Eliza: “It has been a tough year, but getting back into exercising regularly is one of the best ways you can look after your physical and mental health – so start by giving yourself a pat on the back and remember that after months couch time, any exercise is better than none. Start slow, incorporating more movement into your day by taking the stairs or arranging to catch up with a friend on a walk. From there, scheduling structured exercise into your weekly routine in advance can be helpful. Tuning in to that virtual class on Tuesday at lunchtime will quickly become normal if you make a habit of setting that time aside. Plus, you have the added benefit of an instructor to guide your safe and sustainable return to exercise.”
Is it different for men and women, young and old?
Eliza: “The importance of exercise doesn’t change based on your age or gender – everyone can benefit from moving more. However, your exercise program might look different depending on your stage of life or your health and fitness goals. Think about what it is you want to achieve by exercising, and the types of exercise that are realistic and enjoyable for you at the moment. Use these to guide your exercise plan.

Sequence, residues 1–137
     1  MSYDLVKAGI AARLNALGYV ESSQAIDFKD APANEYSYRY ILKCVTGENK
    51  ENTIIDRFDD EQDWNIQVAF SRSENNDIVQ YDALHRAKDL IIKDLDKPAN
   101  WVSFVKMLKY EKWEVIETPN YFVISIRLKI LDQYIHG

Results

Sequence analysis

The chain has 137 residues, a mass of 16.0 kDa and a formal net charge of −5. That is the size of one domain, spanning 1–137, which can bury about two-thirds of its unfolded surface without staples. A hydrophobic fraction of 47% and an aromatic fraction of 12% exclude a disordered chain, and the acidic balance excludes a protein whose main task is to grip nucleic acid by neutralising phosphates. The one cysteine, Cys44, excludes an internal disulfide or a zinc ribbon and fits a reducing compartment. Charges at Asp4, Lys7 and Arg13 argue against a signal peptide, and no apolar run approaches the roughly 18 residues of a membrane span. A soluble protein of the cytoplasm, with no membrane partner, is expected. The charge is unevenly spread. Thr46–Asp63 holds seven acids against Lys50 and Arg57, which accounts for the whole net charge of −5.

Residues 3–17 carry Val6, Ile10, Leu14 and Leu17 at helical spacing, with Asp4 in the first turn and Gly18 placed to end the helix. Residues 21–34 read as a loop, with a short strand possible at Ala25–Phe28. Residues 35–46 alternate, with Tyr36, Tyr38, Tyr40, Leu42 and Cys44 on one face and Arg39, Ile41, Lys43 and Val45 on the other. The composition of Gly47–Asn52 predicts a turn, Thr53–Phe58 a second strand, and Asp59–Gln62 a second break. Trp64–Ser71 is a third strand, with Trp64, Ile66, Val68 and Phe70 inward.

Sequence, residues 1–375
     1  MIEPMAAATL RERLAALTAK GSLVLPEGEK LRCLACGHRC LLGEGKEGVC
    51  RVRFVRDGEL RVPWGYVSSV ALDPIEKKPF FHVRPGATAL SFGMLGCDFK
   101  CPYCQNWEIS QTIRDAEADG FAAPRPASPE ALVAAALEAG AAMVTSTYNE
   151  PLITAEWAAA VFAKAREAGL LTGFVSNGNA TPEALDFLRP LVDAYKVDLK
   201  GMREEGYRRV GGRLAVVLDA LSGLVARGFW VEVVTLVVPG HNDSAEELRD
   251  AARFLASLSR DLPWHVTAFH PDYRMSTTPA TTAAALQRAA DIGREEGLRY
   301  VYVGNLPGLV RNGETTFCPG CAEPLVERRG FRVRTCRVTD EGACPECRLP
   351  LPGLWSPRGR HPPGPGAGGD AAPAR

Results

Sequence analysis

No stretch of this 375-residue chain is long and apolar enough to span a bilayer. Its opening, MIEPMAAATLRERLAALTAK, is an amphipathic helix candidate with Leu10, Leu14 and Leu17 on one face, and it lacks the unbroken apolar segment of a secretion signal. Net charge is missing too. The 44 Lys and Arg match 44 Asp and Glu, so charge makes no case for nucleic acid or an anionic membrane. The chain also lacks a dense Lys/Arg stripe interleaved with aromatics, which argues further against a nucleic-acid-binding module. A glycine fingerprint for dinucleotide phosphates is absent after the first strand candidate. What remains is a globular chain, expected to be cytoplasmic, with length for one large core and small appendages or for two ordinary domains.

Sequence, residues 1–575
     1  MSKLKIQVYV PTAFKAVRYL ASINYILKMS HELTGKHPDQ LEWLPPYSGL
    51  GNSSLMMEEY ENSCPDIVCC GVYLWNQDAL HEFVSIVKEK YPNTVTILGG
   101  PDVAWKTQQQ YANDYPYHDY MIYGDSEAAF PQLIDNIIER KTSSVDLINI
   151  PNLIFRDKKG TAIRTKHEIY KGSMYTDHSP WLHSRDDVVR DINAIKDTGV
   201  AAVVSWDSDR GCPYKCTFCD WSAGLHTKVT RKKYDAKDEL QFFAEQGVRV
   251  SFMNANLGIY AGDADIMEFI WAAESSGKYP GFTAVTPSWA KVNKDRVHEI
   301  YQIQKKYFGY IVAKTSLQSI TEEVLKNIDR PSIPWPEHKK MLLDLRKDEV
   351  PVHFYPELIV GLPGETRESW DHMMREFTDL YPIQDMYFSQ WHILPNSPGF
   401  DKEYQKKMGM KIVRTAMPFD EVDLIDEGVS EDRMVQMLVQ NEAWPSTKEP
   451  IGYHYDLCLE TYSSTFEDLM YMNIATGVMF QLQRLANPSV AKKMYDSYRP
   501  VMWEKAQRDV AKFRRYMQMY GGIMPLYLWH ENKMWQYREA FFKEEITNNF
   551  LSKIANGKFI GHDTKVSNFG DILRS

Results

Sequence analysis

If you are unsure where to start, an Accredited Exercise Physiologist or exercise instructor will be able to help you design an effective exercise program that is appropriate for you.”
What’s the best way to stay motivated after returning to exercise?
Eliza: “Find a way to exercise that you enjoy! Exercise doesn’t have to be a chore, and it’s much easier to stay motivated if you look forward to moving your body. If enjoying exercise is out of the question for you, try and find a context in which you feel able to get it done. This could be going to your favourite outdoor space to walk, scheduling a group fitness class to attend with your friends, or promising yourself a coffee date once you’ve finished! Setting goals for your exercise can also be motivating. Rather than focusing on elusive lifetime goals (I’m looking at you, marathon!), come up with some super-realistic daily or weekly goals – being able to achieve these each week is motivating and will keep you on track to meeting those longer-term goals.”